UPDATE: Organizers of the Apple Jam Music Festival announced the event's cancellation around the same time of this article's original posting.
In a lengthy Facebook post, an Apple Jam organizer explained a long series of stumbling blocks for the event this year—beginning with an ownership change at their accustomed venue in Jackson County at the "Moon Barn."
After pursuing other venues in Jackson County, Apple Jam says that they began seeing resistance from some neighbors, who were circulating a petition to 'stop the county's approval of Apple Jam.'
As progress in the permitting process in Jackson County began to stall, Apple Jam says they started to pursue another option in Josephine County. However, a public outcry against the event spread—apparently due to a Mail Tribune article citing 'accusatory statements about the event that simply aren't true.'
According to Apple Jam, Josephine County Commissioners went out of their way to subject the event to a permitting process that was unanticipated by the organizers.
The post from Apple Jam apologized to their fans and promised a triumphant return next year. The full post can be see in the sidebar of this article.
(Updated as of 1:45 p.m. on Thursday, May 10)
GRANTS PASS, Ore. — Where will Apple Jam land? According to a statement on Tuesday from Josephine County, the 2018 Apple Jam Music Festival has set their sights on Josephine after being rejected by Jackson County—and the Board of Commissioners wants nothing to do with it.
In fact, the commissioners have asked their legal counsel, Wally Hicks, to file 'legal action' to bar the festival from materializing. But the festival, scheduled for May 18-20, still very much appears to be happening at this time.
The County statement says that the Apple Jam Music Festival was denied a mass gathering permit in Jackson County at the end of April.
"Rather than mitigate concerns which lead to the permit application's denial, event organizers have announced plans to hold the event in Josephine County," the statement reads.
The festival's Facebook page tells a somewhat different story, however.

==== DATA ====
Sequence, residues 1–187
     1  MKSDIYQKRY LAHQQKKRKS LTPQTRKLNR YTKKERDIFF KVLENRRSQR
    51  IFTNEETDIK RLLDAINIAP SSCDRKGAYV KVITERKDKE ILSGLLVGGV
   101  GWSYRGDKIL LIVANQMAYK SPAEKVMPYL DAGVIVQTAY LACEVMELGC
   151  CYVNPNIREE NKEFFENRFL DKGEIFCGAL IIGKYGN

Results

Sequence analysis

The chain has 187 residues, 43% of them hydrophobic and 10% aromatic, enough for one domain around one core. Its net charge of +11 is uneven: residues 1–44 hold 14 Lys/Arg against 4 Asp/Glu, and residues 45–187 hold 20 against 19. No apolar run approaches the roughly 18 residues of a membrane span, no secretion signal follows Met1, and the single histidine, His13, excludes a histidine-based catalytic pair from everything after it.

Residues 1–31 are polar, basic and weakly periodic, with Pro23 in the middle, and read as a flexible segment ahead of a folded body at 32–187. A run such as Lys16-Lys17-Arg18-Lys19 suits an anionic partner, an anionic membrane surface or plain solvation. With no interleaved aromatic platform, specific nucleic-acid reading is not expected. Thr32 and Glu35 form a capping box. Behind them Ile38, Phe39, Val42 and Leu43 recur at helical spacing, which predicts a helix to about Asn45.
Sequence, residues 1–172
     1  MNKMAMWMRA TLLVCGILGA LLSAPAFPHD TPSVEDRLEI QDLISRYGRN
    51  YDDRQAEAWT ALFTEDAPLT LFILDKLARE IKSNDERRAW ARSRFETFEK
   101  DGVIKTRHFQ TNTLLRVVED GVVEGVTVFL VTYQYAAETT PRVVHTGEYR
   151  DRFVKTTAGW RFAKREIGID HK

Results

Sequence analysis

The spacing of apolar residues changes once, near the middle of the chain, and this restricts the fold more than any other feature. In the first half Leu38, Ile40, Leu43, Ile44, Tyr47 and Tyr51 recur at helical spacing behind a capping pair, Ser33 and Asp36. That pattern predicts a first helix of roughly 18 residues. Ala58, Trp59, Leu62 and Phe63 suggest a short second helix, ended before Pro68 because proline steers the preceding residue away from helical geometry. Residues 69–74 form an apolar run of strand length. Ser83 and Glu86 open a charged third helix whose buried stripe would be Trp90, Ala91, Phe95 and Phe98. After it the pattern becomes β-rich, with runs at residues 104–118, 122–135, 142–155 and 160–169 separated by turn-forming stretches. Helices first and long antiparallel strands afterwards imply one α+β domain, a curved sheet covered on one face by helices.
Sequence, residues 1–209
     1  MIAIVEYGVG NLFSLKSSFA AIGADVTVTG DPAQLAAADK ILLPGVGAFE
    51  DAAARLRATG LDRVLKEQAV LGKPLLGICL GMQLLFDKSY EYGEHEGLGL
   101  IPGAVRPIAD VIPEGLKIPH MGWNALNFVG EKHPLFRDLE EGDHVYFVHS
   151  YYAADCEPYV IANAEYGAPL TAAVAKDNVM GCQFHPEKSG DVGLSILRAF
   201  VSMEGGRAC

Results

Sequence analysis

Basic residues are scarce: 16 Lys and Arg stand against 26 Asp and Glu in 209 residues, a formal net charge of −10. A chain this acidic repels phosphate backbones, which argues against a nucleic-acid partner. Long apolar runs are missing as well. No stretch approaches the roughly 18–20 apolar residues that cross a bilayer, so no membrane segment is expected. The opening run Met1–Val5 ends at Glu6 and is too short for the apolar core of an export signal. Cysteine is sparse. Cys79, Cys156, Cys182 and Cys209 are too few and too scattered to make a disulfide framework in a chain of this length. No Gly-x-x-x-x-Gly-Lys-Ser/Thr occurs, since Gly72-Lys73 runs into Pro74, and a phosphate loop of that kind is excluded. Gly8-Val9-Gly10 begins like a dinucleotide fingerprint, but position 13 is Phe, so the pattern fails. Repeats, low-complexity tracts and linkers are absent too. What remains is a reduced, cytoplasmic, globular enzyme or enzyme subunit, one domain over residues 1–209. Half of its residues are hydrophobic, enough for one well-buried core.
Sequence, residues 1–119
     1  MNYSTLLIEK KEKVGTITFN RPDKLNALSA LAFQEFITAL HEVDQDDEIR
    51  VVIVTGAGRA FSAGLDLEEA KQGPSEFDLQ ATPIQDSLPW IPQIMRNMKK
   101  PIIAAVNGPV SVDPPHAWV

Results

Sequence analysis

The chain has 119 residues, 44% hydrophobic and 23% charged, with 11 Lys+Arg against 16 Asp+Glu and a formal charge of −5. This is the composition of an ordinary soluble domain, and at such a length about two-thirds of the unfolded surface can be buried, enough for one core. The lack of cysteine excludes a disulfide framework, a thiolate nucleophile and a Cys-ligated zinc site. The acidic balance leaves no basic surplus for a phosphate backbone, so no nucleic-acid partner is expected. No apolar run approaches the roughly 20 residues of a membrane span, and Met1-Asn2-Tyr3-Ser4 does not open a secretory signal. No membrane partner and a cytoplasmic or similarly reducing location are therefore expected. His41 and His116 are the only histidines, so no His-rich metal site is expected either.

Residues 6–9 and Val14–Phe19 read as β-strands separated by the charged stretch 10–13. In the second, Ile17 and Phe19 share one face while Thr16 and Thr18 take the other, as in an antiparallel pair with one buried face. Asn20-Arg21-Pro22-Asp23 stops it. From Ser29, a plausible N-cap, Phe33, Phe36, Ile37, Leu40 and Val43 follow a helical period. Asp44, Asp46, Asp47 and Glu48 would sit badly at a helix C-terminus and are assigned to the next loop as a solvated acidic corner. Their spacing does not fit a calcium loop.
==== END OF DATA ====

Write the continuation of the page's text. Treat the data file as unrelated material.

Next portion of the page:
"We voluntarily withdrew our permit application in Jackson County out of respect for the community, and since then, we've secured a new location in Josephine County. But, we're still working out a few last minute kinks, so we appreciate your patience while we gather concrete details before making that announcement."
The same post from Apple Jam organizers said that they expect 2,000 people to attend. They are advertising this event as the festival's 10th anniversary. Right now, they seem to have settled on a location near Williams in Provolt.
The County's Community Development Department has been willing to work with the festival organizers to find a new site, they claim, but the organizers have still failed to get the needed permits, and have 'ignored the County's health and safety concerns.'
“Two weeks is simply not enough time to adequately address all the potential issues associated with hosting such a large event in the rural part of our county,” said Commissioner Simon Hare, board liaison to Community Development.
According to the statement, the Board, law enforcement, public health department and Community Development are all concerned about the festival's last-minute intent to land in the County—which could 'present serious risk to citizens' health and safety.'
“Annual events of this size typically start planning six months to a year in advance to ensure a successful event,” said Commissioner Dan DeYoung.
Commissioner Lily Morgan reiterated the board’s commitment to “ensuring a safe and healthy environment for the people of Josephine County and visitors to our community.”
The County appears to want tips if anyone catches wind that the festival plans to go forward in guerilla-style. They have asked that residents call 541-474-5100 to report it.